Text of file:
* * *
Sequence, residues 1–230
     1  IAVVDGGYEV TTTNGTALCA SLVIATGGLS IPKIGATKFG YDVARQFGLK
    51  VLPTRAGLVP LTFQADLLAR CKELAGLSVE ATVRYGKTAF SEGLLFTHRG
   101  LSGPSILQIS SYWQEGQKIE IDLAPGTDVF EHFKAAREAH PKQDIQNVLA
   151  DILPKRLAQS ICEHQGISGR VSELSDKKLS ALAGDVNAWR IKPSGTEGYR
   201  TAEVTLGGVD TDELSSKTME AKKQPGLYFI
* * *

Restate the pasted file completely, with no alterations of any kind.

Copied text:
Sequence, residues 1–230
     1  IAVVDGGYEV TTTNGTALCA SLVIATGGLS IPKIGATKFG YDVARQFGLK
    51  VLPTRAGLVP LTFQADLLAR CKELAGLSVE ATVRYGKTAF SEGLLFTHRG
   101  LSGPSILQIS SYWQEGQKIE IDLAPGTDVF EHFKAAREAH PKQDIQNVLA
   151  DILPKRLAQS ICEHQGISGR VSELSDKKLS ALAGDVNAWR IKPSGTEGYR
   201  TAEVTLGGVD TDELSSKTME AKKQPGLYFI